Once upon a time I had a beautiful Marc Jacobs silk skirt. Then I washed it. The end.
That was about 4-5 years ago & to this day I follow the rule ‘when in doubt, dry clean’. Unfortunately, since I tend to favour silk or silk blends in my sewing & many of the fabrics I’ve bought don’t come with cleaning instructions, this has lead to a rather large dry cleaning bill.
Also I’m lazy & always forget to take said items to the dry cleaners. For the last 2 months I have had a bag of silk shirts that need cleaning sitting by the door. This has left my work wardrobe somewhat limited.
So I decided to have a look around on the internet & see if this dry-clean only thing was really necessary. As far as I can tell the only silk that absolutely 100% needs the dry-clean only status is silk duponi. Apparently water permanently affects it’s structure (that explains the water stains on my wedding dress – there was a 100 year storm on my wedding day). For other types of silk apparently you can handwash – but you do so at your own risk. I think this because sometime dyes don’t hold too well with silk fabric, (I found out the hard way when I ruined my skirt).
Anyway I tested the theory with three different garments from my closet, my watermelon shorts (printed silk cotton blend), my Pendrell blouse (100% silk linen) & my pink & blue top (100% silk – printed).
I used a combination of the instructions for washing silk in ‘Spotless’ & some additional tips I’d found on the internet. Spotless is a brilliant book from Shannon Lush (Australia’s ‘Clean Queen’) with heaps of amazing tips for cleaning & stain removal, not just for clothes but for household stains & spills as well. It’s one of those great reference books to have handy, so next time a guest spills something weird on your carpet you know you can deal with it (without a nervous breakdown that is).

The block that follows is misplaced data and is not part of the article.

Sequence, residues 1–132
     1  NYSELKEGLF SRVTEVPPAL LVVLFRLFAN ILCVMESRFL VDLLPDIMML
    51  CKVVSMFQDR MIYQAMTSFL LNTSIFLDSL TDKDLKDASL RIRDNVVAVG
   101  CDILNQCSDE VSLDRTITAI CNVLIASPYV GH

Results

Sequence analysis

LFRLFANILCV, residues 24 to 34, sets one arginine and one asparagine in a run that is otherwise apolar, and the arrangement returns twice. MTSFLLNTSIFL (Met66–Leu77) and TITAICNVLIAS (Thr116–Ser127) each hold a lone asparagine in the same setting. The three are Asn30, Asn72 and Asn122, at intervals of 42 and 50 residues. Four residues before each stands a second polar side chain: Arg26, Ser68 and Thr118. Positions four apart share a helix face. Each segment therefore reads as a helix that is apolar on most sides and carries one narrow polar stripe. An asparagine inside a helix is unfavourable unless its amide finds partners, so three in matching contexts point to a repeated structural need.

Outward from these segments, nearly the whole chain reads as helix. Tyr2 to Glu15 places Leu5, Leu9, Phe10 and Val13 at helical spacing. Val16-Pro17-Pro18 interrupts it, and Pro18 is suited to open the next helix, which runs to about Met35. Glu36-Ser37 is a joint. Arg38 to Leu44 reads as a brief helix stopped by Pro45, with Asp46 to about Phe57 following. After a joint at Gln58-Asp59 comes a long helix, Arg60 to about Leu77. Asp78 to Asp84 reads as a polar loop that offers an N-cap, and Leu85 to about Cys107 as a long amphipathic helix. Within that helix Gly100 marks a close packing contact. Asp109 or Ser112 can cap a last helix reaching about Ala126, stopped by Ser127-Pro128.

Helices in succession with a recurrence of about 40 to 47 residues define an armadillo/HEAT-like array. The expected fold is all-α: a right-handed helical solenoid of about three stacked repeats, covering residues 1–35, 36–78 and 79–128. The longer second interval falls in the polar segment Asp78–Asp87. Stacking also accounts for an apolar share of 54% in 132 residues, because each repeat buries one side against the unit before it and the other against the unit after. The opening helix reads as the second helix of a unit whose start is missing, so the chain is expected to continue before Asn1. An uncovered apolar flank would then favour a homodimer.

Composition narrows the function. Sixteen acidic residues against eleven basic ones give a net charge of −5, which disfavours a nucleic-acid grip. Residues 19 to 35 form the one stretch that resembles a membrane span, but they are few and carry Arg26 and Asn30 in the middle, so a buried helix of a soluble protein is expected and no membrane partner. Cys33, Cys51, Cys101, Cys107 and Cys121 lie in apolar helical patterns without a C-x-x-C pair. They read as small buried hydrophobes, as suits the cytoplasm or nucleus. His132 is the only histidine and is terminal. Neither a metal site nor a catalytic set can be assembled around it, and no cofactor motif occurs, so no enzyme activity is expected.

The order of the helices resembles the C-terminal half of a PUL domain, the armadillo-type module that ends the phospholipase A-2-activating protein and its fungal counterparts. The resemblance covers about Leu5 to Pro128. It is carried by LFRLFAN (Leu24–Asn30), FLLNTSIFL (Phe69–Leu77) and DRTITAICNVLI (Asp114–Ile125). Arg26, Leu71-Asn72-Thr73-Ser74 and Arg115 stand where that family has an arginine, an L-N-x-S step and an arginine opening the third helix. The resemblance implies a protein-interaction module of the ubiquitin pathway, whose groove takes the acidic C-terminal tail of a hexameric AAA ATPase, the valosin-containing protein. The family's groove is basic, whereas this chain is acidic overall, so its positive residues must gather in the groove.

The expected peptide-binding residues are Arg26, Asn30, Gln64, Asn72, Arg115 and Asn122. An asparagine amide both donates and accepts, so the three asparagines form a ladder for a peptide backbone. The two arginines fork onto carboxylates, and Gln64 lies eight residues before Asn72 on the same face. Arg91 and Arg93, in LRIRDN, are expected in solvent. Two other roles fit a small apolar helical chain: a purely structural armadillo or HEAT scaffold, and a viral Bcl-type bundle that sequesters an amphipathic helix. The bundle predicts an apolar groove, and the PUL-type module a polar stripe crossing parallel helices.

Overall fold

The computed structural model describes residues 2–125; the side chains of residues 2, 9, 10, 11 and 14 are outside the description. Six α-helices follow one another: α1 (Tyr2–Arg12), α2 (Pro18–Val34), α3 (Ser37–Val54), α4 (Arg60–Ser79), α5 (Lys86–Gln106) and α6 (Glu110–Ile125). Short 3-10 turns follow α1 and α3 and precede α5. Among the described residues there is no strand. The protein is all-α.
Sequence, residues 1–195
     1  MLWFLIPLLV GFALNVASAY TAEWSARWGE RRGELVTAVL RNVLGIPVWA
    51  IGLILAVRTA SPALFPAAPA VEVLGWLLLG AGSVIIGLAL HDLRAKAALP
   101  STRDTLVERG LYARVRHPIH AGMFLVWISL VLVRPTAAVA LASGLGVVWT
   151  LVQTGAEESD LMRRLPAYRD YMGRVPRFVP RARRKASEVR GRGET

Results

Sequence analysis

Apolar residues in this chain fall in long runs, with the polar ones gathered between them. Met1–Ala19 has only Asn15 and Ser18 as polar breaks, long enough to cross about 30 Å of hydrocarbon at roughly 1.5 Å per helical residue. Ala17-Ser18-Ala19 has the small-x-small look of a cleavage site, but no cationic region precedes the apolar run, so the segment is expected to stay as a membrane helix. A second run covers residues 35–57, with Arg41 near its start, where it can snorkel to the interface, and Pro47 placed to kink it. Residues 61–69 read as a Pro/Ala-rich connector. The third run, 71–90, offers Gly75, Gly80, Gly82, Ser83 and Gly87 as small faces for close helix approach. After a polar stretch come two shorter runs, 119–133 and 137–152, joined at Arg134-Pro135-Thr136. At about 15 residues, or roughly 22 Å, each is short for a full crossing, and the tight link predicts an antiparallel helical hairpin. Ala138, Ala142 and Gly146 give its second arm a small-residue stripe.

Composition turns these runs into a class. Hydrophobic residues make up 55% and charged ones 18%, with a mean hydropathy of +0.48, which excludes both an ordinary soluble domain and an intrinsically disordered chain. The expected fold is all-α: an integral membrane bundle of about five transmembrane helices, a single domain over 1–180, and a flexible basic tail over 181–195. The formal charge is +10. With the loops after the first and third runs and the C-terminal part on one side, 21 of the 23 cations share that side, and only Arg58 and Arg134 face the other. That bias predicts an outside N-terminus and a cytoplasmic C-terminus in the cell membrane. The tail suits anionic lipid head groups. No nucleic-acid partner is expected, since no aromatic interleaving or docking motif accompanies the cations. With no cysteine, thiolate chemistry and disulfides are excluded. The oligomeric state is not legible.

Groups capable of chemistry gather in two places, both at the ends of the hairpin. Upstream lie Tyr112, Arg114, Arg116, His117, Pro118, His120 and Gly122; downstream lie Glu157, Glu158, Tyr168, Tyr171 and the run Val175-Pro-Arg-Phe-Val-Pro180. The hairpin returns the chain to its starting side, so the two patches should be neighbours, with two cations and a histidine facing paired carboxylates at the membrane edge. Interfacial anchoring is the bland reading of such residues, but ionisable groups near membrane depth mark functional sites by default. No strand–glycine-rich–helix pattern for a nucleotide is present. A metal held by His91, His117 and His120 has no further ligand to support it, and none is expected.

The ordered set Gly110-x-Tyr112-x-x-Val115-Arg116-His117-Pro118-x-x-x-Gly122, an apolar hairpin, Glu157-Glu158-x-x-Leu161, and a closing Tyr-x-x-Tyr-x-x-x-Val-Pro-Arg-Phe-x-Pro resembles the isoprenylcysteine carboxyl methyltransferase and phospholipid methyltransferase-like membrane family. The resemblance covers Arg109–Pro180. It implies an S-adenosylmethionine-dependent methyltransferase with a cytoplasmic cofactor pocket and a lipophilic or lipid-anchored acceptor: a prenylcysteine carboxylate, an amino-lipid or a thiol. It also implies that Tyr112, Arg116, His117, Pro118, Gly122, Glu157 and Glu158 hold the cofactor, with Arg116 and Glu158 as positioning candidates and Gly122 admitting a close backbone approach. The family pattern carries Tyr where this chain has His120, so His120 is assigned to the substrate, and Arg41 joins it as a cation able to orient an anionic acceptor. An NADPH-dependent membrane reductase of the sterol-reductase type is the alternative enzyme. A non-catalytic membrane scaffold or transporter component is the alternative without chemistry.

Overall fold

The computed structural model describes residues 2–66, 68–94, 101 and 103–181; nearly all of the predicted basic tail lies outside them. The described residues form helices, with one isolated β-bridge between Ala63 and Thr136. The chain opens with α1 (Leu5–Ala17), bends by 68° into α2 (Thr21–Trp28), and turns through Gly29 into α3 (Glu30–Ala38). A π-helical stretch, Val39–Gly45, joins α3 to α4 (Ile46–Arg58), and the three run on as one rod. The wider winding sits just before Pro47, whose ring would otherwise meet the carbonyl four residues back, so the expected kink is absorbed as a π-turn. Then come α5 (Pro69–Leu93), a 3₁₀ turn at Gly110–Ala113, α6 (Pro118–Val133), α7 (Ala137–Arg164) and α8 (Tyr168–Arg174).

Basically I washed them in tepid water with a small amount of baby shampoo. Then I rinsed them in water with a bit of vinegar mixed in. I let the majority of the water drip back into the sink & then lay the garment on a towel & rolled up the towel to squeeze out the water, before pressing it dry (with an organza press cloth)
First the Pendrell blouse. I figured this was the lowest risk as it was white. My biggest concern here was that the texture would change for the worse. It was fine.
Next off the watermelon shorts. This is silk-cotton blend so I hoped that the cotton would help the dye-retention. These were also fine.
Finally the biggest risk top – the blue & pink top. 100% printed silk in bold, contrasting colours. This one very nearly turned into disaster. I put it into the tub & gently moved it around & in less than 30 seconds the water turned a very nervous shade of navy. I quickly pulled the top out & rinsed it in the vinegar rinse water, before wrapping it in a towel & then pressing it dry. It turned out fine in the end.
All in all it was a good exercise & I know that with a bit of effort (& a lot of care) I can reduce the amount of dry cleaning I do. I’d also like to note that you want to head down this path you need to be careful & do your research before you try it, because it may not end well.